Raiders embracing Mexico City fan base; 'it's going to be loud'

Raiders embracing Mexico City fan base; 'it's going to be loud'

MEXICO CITY – The Raiders must travel 1,876 miles to play a “home game.” That’s a required trek to face the Houston Texans at Estadio Azteca, the second regular-season NFL game south of the border and first since the 49ers and Arizona Cardinals played in Mexico City 11 years ago.

The Raiders willingly gave up a home game to play before a massive Mexican fan base in love with the Silver and Black.

“I think there are a lot of benefits for the league in that way,” Raiders head coach Jack Del Rio said. “I think for us, honestly, I prefer for that not to be our home game. Travel a couple of time zones, be hours away from our own place, but again I don’t worry too much about all of that. We just understand what it is, prepare ourselves for it and go down there and have fun competing. That’s how we do it.”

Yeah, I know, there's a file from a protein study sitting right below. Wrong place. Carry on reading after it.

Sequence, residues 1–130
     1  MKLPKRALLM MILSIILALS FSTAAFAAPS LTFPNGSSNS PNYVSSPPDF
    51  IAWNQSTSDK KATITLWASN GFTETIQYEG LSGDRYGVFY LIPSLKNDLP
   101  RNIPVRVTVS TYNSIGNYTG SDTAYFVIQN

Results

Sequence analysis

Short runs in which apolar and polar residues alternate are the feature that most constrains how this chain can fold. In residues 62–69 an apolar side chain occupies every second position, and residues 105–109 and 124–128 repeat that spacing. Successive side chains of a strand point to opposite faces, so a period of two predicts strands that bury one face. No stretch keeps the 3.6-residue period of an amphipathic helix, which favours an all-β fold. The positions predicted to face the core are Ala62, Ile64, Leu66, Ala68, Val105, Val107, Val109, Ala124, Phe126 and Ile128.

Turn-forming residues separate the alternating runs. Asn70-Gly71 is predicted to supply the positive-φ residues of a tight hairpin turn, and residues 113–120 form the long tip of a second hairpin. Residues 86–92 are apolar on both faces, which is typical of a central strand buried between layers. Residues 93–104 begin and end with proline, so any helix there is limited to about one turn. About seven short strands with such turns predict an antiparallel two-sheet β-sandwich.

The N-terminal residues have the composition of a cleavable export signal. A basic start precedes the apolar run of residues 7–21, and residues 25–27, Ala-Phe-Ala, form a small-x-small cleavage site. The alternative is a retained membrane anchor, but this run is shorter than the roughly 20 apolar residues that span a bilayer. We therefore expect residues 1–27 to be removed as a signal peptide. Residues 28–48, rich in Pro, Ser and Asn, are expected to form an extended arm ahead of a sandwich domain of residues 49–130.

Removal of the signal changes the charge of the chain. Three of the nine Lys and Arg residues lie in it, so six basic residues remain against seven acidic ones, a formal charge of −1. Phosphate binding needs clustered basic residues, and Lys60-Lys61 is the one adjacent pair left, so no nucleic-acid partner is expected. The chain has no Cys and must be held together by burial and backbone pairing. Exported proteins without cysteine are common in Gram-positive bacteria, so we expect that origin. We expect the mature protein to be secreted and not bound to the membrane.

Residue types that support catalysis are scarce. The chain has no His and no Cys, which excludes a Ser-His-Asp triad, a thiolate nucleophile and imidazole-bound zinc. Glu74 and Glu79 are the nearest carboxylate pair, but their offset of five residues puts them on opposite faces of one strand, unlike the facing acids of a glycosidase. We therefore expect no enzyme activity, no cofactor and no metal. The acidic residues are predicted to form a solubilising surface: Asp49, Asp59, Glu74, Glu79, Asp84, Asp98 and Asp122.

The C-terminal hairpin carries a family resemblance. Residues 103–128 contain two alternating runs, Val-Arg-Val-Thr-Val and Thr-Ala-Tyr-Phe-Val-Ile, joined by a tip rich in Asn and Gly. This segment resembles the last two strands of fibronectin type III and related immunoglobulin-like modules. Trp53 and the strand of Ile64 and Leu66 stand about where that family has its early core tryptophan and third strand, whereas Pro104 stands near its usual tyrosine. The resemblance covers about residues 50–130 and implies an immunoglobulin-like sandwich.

Del Rio said he expects it to be loud all the time, and has told his offense to prep for the noise of a road game and his defense to expect a home game’s energy.

The Raiders have sent a few ambassadors to Mexico City, including Latavius Murray, Taiwan Jones and TJ Carrie. Those guys expect a huge, vocal Raiders contingent to fill an Estadio Azteca that sold out minutes after tickets became available.

Houston is the closest NFL team to Mexico City so they’ll have supporters, but the Raiders should feel like the home team.

“The guys who have been down there already saw the passion and fire of Raiders fans firsthand,” Murray said. “It was incredible seeing all the support we have down there. It’s crazy, and it will be like a home game. I think we’re in for a treat.”

While the Raiders don't arrive until Sunday evening, they sent famous alumni like Mike Haynes, Marcus Allen and Tim Brown down early to headline the NFL International Series fan fest in Mexico City.